Vol. 23 New Series June, 1961 No. 3

By C. E. STOWE, D.D., Bowdoin College, Maine, U.S.A.
To every man who feels the need of religion, and cannot surrender his reason to the tyrannical and preposterous claims of the papacy, the four gospels, as we now have them in the New Testament, are of priceless value. The human soul, in its wants and sorrows and conscious weaknesses, in view of its brief existence on earth, and the dread unknown which awaits it beyond the grave, is greatly in want of some objective truth to rest upon; and without it, the only wise philosophy is that which says, Let us eat and drink, for to-morrow we die. If the four gospels be received as objectively true; if Jesus Christ, as therein described, be an actually existing personage, and our ever-living, ever-present friend and guide, then we have what we need; then the soul can rest and rejoice; then the spiritual can gain a permanent victory over the physical; our life on earth can be made a time of usefulness and peace, and our death a season of triumph and joy. Moreover, having Jesus and the gospels objectively true, on their authority we have also the other writings of the New Testament, and the historians, the poets, and the prophets of the Old; and now, with an unmutilated, unimpeachable Bible in our hands, we, like our fathers, can march through the world with heads erect, and a joyous courage, bidding defiance to Satan, and sorrow, and wicked men.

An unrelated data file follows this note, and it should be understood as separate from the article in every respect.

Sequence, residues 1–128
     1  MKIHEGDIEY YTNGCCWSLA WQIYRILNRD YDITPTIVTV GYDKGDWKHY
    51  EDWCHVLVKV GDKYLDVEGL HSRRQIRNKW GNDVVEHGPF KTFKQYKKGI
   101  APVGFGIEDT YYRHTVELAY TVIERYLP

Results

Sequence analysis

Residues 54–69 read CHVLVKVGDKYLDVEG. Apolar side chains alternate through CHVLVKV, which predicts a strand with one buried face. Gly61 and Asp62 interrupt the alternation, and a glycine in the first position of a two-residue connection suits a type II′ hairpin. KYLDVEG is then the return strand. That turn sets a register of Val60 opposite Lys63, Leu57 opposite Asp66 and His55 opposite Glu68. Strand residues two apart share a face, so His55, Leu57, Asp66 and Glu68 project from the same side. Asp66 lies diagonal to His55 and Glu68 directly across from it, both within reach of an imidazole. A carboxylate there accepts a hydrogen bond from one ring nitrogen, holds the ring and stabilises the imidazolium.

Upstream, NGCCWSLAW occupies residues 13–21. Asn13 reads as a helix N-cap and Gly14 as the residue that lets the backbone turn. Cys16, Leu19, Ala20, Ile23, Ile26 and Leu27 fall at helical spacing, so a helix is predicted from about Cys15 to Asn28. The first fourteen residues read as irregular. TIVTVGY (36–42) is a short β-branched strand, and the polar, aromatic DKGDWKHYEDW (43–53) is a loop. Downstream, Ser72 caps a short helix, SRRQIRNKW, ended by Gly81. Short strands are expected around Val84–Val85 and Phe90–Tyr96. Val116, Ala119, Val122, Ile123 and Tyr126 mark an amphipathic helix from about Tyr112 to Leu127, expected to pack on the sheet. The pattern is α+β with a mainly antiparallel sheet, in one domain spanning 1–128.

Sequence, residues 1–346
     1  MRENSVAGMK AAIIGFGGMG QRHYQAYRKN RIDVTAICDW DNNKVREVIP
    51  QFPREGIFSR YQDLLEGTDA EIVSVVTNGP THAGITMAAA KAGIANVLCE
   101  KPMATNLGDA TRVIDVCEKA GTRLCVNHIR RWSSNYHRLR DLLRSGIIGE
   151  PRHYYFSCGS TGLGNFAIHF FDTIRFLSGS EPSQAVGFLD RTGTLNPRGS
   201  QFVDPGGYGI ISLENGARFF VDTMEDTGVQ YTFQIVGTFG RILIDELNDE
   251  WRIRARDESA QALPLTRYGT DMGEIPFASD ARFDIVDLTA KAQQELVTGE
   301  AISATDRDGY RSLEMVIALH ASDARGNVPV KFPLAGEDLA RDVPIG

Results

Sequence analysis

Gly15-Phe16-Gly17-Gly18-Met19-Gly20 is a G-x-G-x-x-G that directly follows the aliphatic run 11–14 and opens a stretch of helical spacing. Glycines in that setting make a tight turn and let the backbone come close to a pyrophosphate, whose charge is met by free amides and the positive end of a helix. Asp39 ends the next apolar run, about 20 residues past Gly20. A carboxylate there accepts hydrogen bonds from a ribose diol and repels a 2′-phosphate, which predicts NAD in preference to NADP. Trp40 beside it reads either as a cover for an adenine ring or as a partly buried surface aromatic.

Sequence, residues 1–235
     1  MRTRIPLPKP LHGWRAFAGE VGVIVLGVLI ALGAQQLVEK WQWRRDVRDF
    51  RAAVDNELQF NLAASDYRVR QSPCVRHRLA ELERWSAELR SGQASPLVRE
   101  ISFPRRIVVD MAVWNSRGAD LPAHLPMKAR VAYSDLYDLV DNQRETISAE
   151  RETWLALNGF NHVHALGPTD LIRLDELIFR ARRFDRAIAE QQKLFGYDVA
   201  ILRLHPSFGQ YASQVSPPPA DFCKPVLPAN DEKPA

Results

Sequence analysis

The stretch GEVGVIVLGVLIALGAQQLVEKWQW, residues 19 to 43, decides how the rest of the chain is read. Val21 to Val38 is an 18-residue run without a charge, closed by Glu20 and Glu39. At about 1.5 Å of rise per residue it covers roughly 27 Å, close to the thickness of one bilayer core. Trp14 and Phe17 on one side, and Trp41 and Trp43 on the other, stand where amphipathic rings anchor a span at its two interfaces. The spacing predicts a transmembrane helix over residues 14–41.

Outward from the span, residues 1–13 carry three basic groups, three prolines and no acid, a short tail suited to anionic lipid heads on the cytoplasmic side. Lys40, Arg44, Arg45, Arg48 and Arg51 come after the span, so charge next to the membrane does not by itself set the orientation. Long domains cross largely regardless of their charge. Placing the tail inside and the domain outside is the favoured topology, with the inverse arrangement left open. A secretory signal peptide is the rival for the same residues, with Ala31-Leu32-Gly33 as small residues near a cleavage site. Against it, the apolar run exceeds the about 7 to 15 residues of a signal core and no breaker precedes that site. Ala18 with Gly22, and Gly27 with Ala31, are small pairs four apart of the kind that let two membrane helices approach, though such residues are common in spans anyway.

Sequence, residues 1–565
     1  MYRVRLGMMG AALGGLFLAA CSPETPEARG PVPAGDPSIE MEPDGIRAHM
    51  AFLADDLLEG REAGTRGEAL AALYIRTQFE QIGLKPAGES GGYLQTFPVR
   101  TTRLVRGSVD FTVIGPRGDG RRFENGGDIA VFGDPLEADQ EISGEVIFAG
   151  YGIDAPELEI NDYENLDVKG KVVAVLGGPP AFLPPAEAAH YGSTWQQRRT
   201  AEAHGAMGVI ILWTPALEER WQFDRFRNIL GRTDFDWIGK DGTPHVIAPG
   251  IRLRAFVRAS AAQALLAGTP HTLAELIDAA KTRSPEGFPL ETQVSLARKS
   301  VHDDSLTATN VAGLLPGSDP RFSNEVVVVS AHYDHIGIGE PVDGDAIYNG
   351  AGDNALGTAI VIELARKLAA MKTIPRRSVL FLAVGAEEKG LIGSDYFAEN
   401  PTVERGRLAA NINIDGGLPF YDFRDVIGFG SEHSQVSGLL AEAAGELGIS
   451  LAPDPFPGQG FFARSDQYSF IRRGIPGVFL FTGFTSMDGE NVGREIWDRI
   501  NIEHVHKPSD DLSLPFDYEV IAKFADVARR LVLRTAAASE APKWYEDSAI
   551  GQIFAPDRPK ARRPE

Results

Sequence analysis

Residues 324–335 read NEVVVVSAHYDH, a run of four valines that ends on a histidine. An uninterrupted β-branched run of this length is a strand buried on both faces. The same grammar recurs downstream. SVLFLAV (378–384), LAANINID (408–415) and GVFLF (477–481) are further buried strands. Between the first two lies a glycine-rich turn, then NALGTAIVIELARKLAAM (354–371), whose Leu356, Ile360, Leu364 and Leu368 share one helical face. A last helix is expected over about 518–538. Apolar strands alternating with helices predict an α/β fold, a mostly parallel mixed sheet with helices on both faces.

But weaken our confidence in the gospels; let them be regarded as a jumble of traditions, partly true and partly false, then the chief effect of the Christian religion is, to raise our hopes only to sink us the deeper in despair; to increase our fears, without shewing us definitely our danger, or teaching us how to escape it; our life on earth is equally unfitted for sensual pleasure and for spiritual enjoyment; and beyond the grave we have only just light enough to make the darkness visible. With the mere mockery of a revelation which is then left us, there are but two classes of men who can be satisfied with life as it now exists,—namely, those whose desires and aspirations never go beyond the physical comforts of the external world, and the proud, cold, self-sufficient thinkers, whose chief pleasure it is to despise the weaknesses of their fellow-creatures, and think themselves above them.

Entertaining such views, I confess I can never read, or listen to a critique on the sacred writings, and especially on the gospels, without deep feeling. If indifference as to the result be an essential qualification for a good investigator of the Scriptures, then I must give up all hope of ever being one. To the result I cannot be indifferent if I would, for there are all my hopes. Who would be expected to be indifferent, if the object of the investigation on which he is obliged to enter were to ascertain whether his father were a cheat, or his son a thief, or his wife false?

"But we must have a zeal for science; we must let truth work its way; we must be willing that every falsehood, and every mistake, however long and lovingly cherished, should be torn from our embrace."